Morgan's Notes on Make Me Think about Organizing

Mara 2016, rev Mar 2017

The cleverness of five hat racks that Lynch mentions is compelling because it makes things seem easy and final. But the hat racks idea has become decontextualized from detailed rationales, separated from its ontological foundations. The idea has become reified, naturalized, and finally prescriptive. Another issue is this: There may be "five fundamental ways to organize information,” but there are far more ways to present that organization on a screen. There’s a space between the organizational schema and the representation of that schema.

Let's bring to the surface some of the stuff the taxonomies seem to leave out and question what kind of advice is being offered.

in class review and questions

- Do we find any content that does not fit into the five hat racks?
- What else the taxonomies tell us about the organizer, the purposes of the organization, the relationship the organizer seeks to establish with the users. In cases where the system works, what effect does it have on the case? the users? eg Jen on Google Maps.
  • Taxonomies tend to conserve the social order as determined by the creators and users of that order. They may appear natural and the only right way to organize.
- What do we we have to be familiar with in the social context of the space in order to understand them.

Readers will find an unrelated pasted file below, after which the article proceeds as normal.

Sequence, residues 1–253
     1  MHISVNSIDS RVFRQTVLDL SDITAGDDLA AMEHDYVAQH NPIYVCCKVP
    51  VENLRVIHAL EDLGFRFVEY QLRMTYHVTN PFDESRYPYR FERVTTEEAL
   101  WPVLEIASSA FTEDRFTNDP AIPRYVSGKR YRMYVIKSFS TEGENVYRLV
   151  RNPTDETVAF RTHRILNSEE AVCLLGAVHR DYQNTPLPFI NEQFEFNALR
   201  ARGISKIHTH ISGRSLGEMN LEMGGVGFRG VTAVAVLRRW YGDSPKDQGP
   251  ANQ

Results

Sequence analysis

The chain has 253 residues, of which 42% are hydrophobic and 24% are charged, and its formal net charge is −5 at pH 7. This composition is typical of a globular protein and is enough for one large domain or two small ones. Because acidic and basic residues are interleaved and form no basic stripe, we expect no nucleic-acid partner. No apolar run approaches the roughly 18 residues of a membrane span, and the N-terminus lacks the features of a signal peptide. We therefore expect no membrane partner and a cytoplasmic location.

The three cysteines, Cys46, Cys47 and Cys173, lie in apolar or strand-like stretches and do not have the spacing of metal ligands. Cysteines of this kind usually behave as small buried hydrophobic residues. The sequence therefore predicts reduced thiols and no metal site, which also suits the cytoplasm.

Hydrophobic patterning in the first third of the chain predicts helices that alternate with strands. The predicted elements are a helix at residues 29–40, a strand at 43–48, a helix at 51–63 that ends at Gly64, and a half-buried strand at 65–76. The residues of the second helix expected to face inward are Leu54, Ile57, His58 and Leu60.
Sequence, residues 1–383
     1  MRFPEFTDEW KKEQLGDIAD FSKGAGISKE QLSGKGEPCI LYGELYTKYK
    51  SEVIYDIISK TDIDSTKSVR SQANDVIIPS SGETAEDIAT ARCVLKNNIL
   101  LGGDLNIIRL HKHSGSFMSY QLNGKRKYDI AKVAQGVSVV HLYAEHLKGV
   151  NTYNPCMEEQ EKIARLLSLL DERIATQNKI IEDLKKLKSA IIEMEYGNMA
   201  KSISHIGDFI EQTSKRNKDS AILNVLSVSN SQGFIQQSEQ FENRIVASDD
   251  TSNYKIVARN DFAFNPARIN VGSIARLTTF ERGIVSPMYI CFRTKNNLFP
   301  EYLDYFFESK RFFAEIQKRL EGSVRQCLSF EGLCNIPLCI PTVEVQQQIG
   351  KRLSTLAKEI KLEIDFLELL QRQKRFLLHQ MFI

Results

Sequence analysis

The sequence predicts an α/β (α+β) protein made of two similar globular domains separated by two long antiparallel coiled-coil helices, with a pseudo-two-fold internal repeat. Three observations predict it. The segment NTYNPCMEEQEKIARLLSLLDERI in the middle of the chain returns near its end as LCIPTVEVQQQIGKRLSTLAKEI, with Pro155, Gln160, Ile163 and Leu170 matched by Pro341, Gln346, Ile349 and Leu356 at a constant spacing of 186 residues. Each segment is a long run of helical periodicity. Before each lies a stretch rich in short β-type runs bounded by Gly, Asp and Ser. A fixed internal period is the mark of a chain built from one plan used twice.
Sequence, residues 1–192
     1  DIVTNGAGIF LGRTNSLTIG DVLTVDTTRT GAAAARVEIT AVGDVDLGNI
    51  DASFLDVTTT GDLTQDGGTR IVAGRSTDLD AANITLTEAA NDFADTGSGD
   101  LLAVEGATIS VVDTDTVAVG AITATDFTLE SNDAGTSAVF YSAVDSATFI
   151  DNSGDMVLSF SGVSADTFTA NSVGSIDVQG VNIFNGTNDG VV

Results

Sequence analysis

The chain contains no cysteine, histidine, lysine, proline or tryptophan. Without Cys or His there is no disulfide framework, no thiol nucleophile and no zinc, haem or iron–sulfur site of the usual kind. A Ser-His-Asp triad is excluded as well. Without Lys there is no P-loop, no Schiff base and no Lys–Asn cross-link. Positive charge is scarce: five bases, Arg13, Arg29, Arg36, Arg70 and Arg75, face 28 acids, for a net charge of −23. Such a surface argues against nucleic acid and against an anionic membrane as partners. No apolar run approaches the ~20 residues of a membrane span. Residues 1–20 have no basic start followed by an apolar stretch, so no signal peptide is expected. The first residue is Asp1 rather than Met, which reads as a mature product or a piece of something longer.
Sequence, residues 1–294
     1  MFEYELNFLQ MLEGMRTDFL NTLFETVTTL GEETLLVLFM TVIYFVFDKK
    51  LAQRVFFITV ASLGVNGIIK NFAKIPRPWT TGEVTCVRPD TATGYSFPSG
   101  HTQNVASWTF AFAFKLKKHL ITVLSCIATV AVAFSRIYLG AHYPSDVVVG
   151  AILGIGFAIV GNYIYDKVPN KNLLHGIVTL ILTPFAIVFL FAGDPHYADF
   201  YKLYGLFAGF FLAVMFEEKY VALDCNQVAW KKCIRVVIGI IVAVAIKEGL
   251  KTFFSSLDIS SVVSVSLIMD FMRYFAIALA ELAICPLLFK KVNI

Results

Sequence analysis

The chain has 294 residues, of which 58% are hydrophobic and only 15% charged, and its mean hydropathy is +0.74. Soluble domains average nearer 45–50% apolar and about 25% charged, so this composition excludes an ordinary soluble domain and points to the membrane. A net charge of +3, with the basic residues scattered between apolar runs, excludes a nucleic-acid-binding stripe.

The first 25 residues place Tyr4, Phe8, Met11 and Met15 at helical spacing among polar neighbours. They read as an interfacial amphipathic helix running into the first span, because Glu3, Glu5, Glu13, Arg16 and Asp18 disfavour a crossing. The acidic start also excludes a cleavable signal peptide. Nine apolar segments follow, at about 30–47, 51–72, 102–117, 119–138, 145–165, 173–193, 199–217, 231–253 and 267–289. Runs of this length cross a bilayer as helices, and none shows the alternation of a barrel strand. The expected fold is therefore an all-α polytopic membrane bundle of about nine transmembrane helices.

Where do we place
Organizational schemes are not neutral or inert. They shape, eliminate, assign value. We can see the value coming out even in the method: What is going to be considered content and what's not? The hierarchy is ideological as much as it is ontological.

The schemes seem to favor certain kinds of content over other kinds - mainly text over image, for instance, and institutional over personal.

An exercise

Organizing leads us to taxonomies. And taxonomies are how we put representations of the world together to make sense for selves and dictate sense for others.

Do some taxonomy redesign.
Notice how your work is limited by your willingness to imagine the users in their complexity, your knowledge of what content is available, what the institution has declared as legitimate content and made available, and your ability and willingness to create new content if it isn't available. Notice that it is limited by your sense of appropriate terminology, and dependent on what terms would connect with family or students in other majors. Notice that it's limited by a limited knowledge of what others might need.

PeterMorvilleOnOrganizing

Notes on your notes

5 Apr 2015

Here are some of dangers in looking over sites that I culled from reviewing your notes.

The hat racks seem to work by eliminating possibilities and content as much as by including them. So, let's look at an alternative set of schemes for organizing to see what we can see.



CategoryNotes
There are no comments on this page.
Valid XHTML :: Valid CSS: :: Powered by WikkaWiki